It’s a well known fact that merging two corporate cultures tends to be difficult at best for most, if not all, especially for the more entrenched higher ups that have been used to doing things the same way for years and often can’t see the forest for the trees and see that perhaps the old ways are not working like they should. Change by itself for many is a difficult proposition and thus fight it tooth and nail but it seems perhaps some of this is starting to improve as you indicate.

    I know a lot of the issues that have brought on delays stems from issues/situations no one knew about as things seem to be changing day by day in Europe and here in the US so Fiat has had to change course several times to adjust to the new conditions that suddenly crop up but sooner or later, they WILL have to begin production of at least some new models and get them into the stores because sooner or later, people will begin to buy, not necessarily because they want to, but due to need (car dying or whatever).

    I think as newer models come online for Chrysler and Fiat, things will slowly improve for both companies but it won’t happen today or tomorrow though.

    Nice, thoughtful writeup there Marcello.

  • avatar
    claytori

    Um… about the reliability bit. I know of one person who has purchased a Fiat 500 who works in my office. He performed an extra oil change at 3500km. Then when he went in for his first scheduled oil change at 13,000km he asked the dealer to check out a bit of noise from the engine. He is now driving a rental Caliber while waiting for a new engine.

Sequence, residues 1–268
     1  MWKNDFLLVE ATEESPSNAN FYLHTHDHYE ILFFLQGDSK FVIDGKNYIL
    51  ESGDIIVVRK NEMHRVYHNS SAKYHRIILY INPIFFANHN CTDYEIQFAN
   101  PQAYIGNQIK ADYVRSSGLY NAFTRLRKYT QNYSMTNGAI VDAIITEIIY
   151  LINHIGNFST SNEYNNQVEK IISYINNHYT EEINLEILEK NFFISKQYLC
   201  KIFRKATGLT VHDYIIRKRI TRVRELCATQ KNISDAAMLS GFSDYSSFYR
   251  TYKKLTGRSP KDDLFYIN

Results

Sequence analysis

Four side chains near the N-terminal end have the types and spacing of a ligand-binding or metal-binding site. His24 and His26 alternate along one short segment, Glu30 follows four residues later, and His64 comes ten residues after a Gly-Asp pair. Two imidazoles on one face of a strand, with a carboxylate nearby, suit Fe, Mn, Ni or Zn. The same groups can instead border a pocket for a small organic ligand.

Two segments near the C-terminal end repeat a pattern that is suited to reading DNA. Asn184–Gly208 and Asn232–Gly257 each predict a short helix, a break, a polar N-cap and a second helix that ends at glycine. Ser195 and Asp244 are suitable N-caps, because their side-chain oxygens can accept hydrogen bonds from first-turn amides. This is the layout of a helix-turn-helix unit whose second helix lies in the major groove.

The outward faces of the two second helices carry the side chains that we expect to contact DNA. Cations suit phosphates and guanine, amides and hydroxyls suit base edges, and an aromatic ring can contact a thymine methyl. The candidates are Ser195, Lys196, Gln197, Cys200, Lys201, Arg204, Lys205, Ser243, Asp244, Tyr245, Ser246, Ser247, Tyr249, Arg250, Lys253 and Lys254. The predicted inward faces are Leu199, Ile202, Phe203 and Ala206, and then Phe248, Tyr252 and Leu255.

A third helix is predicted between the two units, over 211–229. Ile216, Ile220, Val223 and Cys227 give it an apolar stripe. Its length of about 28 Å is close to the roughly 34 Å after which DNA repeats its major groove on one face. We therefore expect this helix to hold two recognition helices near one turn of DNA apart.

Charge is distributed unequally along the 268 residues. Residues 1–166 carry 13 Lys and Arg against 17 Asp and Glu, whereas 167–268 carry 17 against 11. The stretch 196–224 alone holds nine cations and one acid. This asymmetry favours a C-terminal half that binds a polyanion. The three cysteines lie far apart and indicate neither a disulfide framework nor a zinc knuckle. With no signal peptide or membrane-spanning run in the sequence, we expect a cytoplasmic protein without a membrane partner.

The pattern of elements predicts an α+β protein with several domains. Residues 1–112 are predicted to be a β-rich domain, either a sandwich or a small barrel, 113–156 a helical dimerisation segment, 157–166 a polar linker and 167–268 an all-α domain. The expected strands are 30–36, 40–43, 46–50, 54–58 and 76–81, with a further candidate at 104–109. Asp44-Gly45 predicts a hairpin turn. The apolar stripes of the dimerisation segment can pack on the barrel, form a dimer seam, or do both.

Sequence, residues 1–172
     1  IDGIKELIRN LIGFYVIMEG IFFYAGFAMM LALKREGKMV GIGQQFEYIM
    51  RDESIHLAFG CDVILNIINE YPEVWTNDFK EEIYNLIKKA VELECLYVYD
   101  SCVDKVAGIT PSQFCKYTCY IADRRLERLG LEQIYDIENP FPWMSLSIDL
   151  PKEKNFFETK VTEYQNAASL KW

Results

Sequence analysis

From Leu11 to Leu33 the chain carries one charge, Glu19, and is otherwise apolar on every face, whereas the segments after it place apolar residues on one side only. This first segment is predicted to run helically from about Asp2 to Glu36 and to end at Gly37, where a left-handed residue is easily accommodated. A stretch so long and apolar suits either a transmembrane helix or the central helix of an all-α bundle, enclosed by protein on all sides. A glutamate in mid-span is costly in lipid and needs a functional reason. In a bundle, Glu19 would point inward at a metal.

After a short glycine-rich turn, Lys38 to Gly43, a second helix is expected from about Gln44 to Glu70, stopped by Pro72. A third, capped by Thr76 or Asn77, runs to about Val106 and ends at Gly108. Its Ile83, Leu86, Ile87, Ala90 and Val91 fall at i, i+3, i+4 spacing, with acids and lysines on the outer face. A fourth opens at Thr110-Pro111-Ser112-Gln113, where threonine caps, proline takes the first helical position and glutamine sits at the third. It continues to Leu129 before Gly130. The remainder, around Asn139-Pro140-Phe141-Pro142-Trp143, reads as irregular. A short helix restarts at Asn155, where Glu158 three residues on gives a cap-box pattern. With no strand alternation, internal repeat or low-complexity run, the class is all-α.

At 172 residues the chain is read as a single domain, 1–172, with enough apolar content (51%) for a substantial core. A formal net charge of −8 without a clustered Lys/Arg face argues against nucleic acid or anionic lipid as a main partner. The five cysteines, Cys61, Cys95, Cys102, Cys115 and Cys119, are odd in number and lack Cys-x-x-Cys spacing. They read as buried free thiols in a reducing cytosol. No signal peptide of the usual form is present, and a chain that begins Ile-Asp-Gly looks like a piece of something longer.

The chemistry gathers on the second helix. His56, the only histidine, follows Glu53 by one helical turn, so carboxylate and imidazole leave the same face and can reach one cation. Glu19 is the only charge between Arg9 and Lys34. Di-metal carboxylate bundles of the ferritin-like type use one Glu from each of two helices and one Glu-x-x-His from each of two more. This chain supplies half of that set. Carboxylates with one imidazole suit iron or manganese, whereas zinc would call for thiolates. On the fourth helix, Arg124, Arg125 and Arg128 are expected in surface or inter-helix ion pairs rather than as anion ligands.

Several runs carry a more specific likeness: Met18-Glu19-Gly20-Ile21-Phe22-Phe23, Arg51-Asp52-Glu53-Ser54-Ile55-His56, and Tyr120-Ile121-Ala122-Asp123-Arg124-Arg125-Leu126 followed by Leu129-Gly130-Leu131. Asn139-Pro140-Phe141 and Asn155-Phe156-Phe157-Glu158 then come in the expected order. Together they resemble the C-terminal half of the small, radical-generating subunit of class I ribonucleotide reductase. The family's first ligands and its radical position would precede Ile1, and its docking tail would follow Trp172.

I rented a Fiat Punto in Spain last year. While it performs a basic transportation function, I wasn’t impressed with it.

    • 0 avatar
      ciddyguy

      Anecdotal evidence at best and I’ve read of a guy here in the US who had to have his entire motor replaced, not rebuilt due to a premature failure in the head gasket.

      I don’t know what the final result was, but in the end, it could be simply a defective head gasket from the supplier or it was installed incorrectly as it allowed coolant to mix with the oil.

      He was on a long trip of around 100 miles when it happened and found a local Fiat dealer who went out of their way to assist him, kudos for the dealer and their service dept.

      He’s still driving his Fiat, an early build Prima Edizone at that.

      So far, that’s been the worst issue I’ve run into with this car and it seemed to be a one time thing, a fluke more or less.

      And this car being a N.A. version is built in Toluca Mexico and that seems to be the overall story with the 500, the Panda (the car the 500 is based on) and the Ford KA, also based on the Panda and I’ve read that the Panda is one of the more reliable and more popular models from Fiat and was to have released a new refreshed/update of it this year and the current Panda was originally released in 2003.

  • avatar
    djn

    Recife…. que saudades!

  • avatar
    billfrombuckhead

    True car has Chrysler sales again leading the way for America in auto sales for March 2012 with a 30% increase. Wonder if Chrysler stays in first place in Canada.

    No one can claim they aren’t one of the most exciting car companies in America.

  • avatar
    fredtal

    Chrysler seems to be doing good now, not sure if that is Fiat’s doing. For Fiat cars to succeed in USA they need to be reliable. We need a few more years to know.